Clemson Unites With FFAR to Tackle Peanut Allergies

Harvested peanuts on the ground at a farm.

Peanuts are an affordable source of important nutrients but contain protein allergens that can harm some people.

Sachin Rustgi, a molecular breeder at the Clemson University Pee Dee Research and Education Center near Florence, South Carolina, is leading a study funded by the Foundation for Food and Agriculture Research (FFAR) to learn ways to make peanuts less allergenic by reducing the amount of common allergy-causing proteins and increasing the amount of healthy oil (high-oleic) in peanut seeds.

The project focuses on developing peanut genetics with reduced allergen content and an enhanced amount of healthy fat using both conventional breeding techniques and CRISPR (Clustered Regularly Interspaced Short Palindromic Repeats) gene-editing technology. The researchers aim to make more allergy management and oral immunotherapy available for individuals sensitive to peanut allergens.

“New lines developed from this research will benefit people who are sensitive to peanuts,” said Rustgi, principal investigator in the research. “In addition, availability of peanut lines with reduced allergen content will alleviate the need to create and maintain a peanut-free environment and thus could reduce costs associated with managing peanut allergies.”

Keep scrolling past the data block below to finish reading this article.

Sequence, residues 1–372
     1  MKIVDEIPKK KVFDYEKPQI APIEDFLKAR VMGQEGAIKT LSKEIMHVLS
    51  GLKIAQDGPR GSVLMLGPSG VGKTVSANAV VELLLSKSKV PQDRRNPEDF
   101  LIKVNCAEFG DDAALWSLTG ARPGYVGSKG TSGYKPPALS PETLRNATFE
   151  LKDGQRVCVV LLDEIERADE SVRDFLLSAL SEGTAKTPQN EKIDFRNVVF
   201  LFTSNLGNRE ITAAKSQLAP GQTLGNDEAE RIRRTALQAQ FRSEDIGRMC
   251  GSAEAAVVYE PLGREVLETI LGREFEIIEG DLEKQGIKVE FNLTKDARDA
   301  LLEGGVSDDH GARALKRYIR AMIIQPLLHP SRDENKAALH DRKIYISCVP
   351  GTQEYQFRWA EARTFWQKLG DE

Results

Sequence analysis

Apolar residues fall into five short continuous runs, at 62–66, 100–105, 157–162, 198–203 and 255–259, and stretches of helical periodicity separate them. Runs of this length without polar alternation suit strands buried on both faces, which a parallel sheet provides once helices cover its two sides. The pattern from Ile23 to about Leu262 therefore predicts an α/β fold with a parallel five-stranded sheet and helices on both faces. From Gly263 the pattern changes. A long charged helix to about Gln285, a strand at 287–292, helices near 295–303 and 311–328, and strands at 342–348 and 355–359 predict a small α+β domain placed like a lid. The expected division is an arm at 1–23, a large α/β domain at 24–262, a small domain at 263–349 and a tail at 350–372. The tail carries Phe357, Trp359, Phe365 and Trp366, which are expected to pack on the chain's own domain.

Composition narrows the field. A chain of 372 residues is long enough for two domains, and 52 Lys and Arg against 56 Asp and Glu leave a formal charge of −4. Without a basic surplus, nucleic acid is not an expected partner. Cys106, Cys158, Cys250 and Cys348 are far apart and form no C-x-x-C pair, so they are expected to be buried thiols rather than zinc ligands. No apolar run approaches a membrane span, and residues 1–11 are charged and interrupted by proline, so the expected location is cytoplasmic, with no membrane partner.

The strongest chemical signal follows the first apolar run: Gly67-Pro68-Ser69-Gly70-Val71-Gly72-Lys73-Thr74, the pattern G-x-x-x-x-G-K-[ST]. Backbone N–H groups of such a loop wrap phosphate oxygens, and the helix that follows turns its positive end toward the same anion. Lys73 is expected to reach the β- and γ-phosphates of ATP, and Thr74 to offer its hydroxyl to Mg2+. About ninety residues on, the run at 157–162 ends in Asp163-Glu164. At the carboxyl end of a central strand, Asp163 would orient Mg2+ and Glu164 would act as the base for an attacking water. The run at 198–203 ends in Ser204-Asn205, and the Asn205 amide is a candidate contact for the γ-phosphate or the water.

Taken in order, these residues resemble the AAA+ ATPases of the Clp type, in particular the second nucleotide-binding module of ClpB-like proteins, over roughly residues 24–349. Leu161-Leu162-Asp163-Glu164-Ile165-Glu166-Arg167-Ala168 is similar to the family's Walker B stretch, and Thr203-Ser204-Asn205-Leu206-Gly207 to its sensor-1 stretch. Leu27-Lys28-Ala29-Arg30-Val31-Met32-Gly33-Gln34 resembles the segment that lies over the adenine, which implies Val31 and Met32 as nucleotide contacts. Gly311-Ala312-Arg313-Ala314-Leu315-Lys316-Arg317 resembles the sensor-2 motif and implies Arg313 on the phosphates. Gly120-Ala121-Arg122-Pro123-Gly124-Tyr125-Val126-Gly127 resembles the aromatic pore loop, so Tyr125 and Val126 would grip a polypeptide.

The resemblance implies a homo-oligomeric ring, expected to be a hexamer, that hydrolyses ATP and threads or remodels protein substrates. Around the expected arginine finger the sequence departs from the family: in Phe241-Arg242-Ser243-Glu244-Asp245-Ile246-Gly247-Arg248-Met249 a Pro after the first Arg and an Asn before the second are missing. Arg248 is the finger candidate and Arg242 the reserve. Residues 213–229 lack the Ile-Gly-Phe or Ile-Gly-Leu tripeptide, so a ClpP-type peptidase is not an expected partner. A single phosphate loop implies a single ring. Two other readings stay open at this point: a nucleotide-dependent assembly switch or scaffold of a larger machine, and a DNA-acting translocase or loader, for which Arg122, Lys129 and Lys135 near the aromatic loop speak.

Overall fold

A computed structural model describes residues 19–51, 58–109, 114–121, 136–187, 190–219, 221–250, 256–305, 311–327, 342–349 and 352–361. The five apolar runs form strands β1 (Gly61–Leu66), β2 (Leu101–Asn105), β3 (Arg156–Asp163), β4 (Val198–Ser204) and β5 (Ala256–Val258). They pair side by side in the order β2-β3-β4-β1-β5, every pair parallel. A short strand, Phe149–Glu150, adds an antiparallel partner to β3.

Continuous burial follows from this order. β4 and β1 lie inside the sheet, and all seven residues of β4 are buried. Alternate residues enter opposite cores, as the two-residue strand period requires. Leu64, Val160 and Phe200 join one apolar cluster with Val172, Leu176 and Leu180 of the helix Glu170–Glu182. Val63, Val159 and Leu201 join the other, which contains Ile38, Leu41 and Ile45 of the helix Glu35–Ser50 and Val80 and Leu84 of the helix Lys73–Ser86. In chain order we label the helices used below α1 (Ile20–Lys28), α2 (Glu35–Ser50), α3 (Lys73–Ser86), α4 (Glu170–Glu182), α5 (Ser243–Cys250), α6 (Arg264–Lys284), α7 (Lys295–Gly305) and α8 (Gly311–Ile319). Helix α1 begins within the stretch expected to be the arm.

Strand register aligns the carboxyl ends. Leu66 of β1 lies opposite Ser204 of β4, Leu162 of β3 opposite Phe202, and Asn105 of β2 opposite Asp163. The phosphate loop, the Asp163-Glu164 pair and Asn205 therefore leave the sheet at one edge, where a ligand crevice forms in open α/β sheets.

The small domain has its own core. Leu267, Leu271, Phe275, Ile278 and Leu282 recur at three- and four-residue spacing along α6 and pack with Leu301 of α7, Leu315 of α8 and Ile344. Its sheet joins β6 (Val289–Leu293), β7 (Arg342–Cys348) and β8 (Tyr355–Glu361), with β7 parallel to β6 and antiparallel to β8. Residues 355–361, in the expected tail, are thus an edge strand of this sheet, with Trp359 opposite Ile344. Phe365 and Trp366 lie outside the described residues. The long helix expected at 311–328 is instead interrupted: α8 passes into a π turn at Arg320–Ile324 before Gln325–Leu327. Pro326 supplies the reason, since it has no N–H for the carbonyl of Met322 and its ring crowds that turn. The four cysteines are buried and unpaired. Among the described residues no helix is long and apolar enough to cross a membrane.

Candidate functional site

Much of the research is conducted in the Rustgi Lab, part of Clemson’s Advanced Plant Technology Program housed at the Pee Dee REC. In addition to using conventional breeding methods and CRISPR-Cpf1 gene-editing technology, the researchers also are using sophisticated biochemical and immunological evaluation methods to develop new peanut genotypes that are less allergenic and high in oleic fatty acid.

Other researchers involved in the project are: Sruthi Narayanan, a Clemson University crop ecophysiologist; Jeff Dunne and Ryan Andres, peanut breeders with North Carolina State University; Edwin Kim and Mike Kulis, immunologists with the University of North Carolina; and Shyamalrau Tallury, plant geneticist with the United Stated Department of Agriculture’s Agricultural Research Service.

In addition to being less allergenic and containing higher levels of healthy fat, these new peanut lines are expected to exhibit long shelf-life and tolerance to heat stress, benefiting growers, producers and consumers. Rustgi said the new genotypes will create a healthy choice for farmers in low-income countries who farm for sustenance and don’t have the option to grow other crops.

The researchers are working with producer-driven commodity boards including the South Carolina Peanut Board and the National Peanut Board. The reduced-immunogenicity, high-oleic peanut genotypes and resources developed during this project will be available free to public peanut breeding programs in the United States and abroad. This project is expected to continue through 2025.

Saharah Moon Chapotin, FFAR executive director, said this research offers hope for a solution to peanut allergy.